Warfare, Fiscal Capacity, and Performance

Mark Dincecco, Mauricio Prado

Research output: Contribution to journalJournal articleResearchpeer-review

Abstract

We exploit differences in casualties sustained in pre-modern wars to estimate the impact of fiscal capacity on economic performance. In the past, states fought different amounts of external conflicts, of various lengths and magnitudes. To raise the revenues to wage wars, states made fiscal innovations, which persisted and helped to shape current fiscal institutions. Economic historians claim that greater fiscal capacity was the key long-run institutional change brought about by historical conflicts. Using casualties sustained in pre-modern wars to instrument for current fiscal institutions, we estimate substantial impacts of fiscal capacity on GDP per worker. The results are robust to a broad range of specifications, controls, and sub-samples.
We exploit differences in casualties sustained in pre-modern wars to estimate the impact of fiscal capacity on economic performance. In the past, states fought different amounts of external conflicts, of various lengths and magnitudes. To raise the revenues to wage wars, states made fiscal innovations, which persisted and helped to shape current fiscal institutions. Economic historians claim that greater fiscal capacity was the key long-run institutional change brought about by historical conflicts. Using casualties sustained in pre-modern wars to instrument for current fiscal institutions, we estimate substantial impacts of fiscal capacity on GDP per worker. The results are robust to a broad range of specifications, controls, and sub-samples.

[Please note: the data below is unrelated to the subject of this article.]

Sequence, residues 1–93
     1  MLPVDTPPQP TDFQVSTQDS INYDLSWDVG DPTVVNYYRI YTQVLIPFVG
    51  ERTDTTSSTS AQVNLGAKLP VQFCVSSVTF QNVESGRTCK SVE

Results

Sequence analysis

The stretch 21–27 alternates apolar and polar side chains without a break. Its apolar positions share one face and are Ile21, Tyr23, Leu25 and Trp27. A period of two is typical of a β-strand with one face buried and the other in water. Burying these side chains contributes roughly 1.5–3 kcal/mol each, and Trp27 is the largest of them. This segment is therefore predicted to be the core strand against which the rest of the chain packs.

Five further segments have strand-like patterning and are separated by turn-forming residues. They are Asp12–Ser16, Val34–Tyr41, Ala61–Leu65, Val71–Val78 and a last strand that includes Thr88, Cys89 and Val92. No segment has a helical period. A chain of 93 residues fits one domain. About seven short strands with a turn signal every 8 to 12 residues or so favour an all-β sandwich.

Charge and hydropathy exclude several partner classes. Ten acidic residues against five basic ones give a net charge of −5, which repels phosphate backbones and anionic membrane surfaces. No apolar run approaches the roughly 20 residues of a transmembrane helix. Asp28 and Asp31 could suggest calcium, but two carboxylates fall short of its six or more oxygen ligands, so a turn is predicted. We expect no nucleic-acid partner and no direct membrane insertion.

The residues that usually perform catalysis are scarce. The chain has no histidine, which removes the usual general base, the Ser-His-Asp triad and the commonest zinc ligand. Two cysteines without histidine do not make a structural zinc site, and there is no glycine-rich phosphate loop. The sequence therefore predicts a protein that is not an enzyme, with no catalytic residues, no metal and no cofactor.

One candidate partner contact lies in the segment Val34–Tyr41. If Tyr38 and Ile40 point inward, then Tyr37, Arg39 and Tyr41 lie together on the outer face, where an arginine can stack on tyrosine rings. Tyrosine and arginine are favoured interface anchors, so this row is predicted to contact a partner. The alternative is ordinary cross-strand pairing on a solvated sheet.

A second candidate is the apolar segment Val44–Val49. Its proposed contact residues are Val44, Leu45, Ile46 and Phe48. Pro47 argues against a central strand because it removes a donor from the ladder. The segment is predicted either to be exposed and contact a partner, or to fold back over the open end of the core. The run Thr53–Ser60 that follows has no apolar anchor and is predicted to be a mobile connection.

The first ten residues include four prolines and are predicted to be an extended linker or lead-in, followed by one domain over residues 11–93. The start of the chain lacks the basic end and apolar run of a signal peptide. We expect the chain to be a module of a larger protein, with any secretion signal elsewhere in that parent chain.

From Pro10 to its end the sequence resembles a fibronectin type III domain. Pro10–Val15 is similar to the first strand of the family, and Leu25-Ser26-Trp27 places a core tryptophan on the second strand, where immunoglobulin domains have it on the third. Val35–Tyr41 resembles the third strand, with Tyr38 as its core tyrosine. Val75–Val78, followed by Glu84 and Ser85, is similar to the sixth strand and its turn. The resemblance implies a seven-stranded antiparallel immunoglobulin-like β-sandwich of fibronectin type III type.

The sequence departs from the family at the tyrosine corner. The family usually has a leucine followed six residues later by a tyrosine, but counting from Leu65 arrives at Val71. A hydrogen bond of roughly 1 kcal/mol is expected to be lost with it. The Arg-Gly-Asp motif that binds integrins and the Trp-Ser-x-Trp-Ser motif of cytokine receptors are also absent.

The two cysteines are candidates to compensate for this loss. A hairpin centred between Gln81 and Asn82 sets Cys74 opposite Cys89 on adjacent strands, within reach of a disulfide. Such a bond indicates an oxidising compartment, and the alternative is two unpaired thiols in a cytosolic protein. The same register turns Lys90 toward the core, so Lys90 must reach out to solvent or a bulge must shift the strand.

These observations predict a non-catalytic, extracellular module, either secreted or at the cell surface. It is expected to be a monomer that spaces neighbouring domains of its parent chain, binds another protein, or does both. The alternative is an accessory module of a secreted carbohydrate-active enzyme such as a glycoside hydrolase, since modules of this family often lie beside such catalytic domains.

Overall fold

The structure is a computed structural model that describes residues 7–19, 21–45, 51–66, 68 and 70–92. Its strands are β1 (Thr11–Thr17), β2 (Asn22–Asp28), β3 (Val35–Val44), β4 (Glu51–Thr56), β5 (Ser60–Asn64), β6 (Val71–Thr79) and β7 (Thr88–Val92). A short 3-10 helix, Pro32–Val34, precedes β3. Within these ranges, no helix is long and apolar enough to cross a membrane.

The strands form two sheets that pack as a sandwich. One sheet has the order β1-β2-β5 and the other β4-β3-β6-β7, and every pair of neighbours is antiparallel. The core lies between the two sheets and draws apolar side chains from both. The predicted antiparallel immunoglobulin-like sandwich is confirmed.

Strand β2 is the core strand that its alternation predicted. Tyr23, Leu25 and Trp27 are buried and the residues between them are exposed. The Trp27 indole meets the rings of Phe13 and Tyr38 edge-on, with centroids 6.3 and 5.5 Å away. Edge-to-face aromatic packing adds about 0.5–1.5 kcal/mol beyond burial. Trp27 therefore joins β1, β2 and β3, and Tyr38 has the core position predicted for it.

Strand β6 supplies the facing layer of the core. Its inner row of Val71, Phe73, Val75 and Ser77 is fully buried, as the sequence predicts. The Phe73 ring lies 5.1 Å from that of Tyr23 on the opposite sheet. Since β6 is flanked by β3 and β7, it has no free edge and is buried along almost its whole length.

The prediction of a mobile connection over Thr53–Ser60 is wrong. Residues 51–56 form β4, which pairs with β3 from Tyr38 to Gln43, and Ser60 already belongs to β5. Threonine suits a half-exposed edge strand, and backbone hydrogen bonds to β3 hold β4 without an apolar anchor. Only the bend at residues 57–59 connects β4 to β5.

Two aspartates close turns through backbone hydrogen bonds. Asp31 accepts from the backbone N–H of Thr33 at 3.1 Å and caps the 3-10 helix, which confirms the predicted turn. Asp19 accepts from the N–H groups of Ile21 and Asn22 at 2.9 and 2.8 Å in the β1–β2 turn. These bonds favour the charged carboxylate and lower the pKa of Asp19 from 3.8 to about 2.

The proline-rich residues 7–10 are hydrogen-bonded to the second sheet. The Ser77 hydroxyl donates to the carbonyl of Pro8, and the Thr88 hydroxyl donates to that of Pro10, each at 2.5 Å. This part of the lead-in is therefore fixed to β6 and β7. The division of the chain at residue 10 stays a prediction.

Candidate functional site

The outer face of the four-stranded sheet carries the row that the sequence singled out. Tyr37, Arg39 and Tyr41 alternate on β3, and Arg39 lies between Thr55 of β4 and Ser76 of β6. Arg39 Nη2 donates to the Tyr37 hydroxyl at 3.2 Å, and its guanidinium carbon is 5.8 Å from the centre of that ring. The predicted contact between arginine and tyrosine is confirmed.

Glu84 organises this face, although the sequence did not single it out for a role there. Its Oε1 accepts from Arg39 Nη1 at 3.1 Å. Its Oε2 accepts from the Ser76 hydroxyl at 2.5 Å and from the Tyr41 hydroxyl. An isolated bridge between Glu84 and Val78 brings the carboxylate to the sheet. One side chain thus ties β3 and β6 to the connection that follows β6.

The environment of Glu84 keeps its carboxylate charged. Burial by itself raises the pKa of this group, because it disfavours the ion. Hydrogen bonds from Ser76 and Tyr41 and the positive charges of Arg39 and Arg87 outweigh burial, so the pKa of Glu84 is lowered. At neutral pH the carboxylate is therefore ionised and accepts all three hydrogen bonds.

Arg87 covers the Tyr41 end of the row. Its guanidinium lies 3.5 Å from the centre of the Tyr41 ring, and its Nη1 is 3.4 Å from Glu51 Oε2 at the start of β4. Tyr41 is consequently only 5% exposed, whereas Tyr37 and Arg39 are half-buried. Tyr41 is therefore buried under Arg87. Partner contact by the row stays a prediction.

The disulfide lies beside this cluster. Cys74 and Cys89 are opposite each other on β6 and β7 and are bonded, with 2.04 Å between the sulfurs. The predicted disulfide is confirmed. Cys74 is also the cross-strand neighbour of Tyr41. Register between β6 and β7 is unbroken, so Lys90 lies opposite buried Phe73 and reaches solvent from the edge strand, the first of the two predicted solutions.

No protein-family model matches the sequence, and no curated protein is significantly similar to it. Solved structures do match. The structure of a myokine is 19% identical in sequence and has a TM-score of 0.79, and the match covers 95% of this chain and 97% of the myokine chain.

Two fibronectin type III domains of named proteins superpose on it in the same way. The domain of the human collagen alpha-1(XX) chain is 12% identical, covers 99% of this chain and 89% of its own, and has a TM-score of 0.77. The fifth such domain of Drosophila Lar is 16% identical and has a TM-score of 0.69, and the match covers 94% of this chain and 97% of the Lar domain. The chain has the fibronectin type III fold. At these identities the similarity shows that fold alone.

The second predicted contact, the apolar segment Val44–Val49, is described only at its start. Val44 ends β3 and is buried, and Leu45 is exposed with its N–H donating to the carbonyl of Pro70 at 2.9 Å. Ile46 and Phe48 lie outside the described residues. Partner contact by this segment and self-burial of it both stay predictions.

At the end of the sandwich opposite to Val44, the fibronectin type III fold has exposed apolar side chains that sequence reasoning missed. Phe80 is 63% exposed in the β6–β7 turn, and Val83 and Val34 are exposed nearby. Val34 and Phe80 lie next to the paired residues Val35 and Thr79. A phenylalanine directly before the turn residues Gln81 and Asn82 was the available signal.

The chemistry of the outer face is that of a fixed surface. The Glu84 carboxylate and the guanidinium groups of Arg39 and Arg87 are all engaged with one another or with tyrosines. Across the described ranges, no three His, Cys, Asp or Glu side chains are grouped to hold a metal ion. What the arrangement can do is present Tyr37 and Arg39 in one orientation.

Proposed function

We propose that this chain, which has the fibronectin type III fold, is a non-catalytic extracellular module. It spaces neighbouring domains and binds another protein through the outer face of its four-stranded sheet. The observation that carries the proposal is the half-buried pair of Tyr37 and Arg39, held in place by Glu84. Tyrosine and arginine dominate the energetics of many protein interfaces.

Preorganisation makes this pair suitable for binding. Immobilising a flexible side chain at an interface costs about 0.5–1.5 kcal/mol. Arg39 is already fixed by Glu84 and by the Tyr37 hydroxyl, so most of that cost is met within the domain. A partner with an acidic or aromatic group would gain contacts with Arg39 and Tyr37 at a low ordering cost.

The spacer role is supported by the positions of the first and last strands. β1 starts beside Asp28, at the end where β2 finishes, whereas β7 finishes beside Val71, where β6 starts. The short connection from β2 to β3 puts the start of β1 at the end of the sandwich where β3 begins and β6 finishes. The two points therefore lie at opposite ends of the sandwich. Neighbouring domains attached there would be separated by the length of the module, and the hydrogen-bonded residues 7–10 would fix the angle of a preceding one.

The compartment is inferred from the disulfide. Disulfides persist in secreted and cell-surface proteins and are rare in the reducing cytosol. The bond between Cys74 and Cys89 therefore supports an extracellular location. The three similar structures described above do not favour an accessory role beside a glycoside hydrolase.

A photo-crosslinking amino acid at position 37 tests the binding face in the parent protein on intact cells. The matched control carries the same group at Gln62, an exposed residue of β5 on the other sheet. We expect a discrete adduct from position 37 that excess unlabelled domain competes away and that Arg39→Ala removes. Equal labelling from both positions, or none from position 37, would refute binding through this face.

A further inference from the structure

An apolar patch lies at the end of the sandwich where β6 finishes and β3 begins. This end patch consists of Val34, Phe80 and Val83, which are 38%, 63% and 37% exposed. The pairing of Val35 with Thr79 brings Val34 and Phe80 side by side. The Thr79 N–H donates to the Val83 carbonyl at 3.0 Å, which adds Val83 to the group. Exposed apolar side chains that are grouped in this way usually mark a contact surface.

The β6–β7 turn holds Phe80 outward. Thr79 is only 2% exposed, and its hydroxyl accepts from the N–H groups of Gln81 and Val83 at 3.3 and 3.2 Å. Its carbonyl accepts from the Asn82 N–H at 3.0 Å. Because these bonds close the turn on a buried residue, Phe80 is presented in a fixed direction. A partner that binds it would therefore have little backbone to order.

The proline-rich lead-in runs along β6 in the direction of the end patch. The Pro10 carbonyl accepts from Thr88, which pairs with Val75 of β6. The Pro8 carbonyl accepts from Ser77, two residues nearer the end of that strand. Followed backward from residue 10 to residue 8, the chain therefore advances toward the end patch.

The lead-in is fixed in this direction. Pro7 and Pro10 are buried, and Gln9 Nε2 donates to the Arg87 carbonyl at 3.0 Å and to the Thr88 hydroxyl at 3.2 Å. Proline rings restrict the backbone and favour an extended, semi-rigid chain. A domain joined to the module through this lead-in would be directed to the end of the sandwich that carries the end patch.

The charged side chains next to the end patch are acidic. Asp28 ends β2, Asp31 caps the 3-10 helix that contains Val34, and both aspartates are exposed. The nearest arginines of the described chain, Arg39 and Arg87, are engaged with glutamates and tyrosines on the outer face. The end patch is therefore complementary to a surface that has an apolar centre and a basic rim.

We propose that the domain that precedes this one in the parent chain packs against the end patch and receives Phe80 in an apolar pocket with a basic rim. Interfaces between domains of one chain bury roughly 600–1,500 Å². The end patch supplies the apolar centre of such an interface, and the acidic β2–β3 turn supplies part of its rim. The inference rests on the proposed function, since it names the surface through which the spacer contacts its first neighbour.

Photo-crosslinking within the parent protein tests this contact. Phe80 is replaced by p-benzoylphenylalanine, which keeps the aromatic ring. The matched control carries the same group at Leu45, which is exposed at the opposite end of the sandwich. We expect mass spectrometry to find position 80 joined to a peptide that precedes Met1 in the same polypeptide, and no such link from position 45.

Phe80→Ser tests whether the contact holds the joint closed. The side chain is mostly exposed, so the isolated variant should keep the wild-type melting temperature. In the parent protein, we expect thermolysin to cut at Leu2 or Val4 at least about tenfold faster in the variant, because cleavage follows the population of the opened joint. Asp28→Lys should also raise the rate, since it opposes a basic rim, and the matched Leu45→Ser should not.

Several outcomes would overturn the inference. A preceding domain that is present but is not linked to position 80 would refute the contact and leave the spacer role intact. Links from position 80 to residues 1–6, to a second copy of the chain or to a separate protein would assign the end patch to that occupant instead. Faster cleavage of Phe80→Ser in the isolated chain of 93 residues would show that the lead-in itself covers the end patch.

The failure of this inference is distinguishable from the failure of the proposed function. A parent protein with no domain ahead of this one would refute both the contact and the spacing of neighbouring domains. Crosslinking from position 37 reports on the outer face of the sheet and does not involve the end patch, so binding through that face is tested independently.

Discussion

LanguageEnglish
JournalJournal of Economic Growth
Volume17
Issue number3
Pages171–203
Number of pages33
ISSN1381-4338
DOIs
StatePublished - 2012

Keywords

  • Pre-Modern Wars
  • Fiscal Capacity
  • Public Services
  • Worker Productivity

Cite this

Dincecco, Mark ; Prado, Mauricio. / Warfare, Fiscal Capacity, and Performance. In: Journal of Economic Growth. 2012 ; Vol. 17, No. 3. pp. 171–203
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Warfare, Fiscal Capacity, and Performance. / Dincecco, Mark; Prado, Mauricio.

In: Journal of Economic Growth, Vol. 17, No. 3, 2012, p. 171–203.

Research output: Contribution to journalJournal articleResearchpeer-review

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AB - We exploit differences in casualties sustained in pre-modern wars to estimate the impact of fiscal capacity on economic performance. In the past, states fought different amounts of external conflicts, of various lengths and magnitudes. To raise the revenues to wage wars, states made fiscal innovations, which persisted and helped to shape current fiscal institutions. Economic historians claim that greater fiscal capacity was the key long-run institutional change brought about by historical conflicts. Using casualties sustained in pre-modern wars to instrument for current fiscal institutions, we estimate substantial impacts of fiscal capacity on GDP per worker. The results are robust to a broad range of specifications, controls, and sub-samples.

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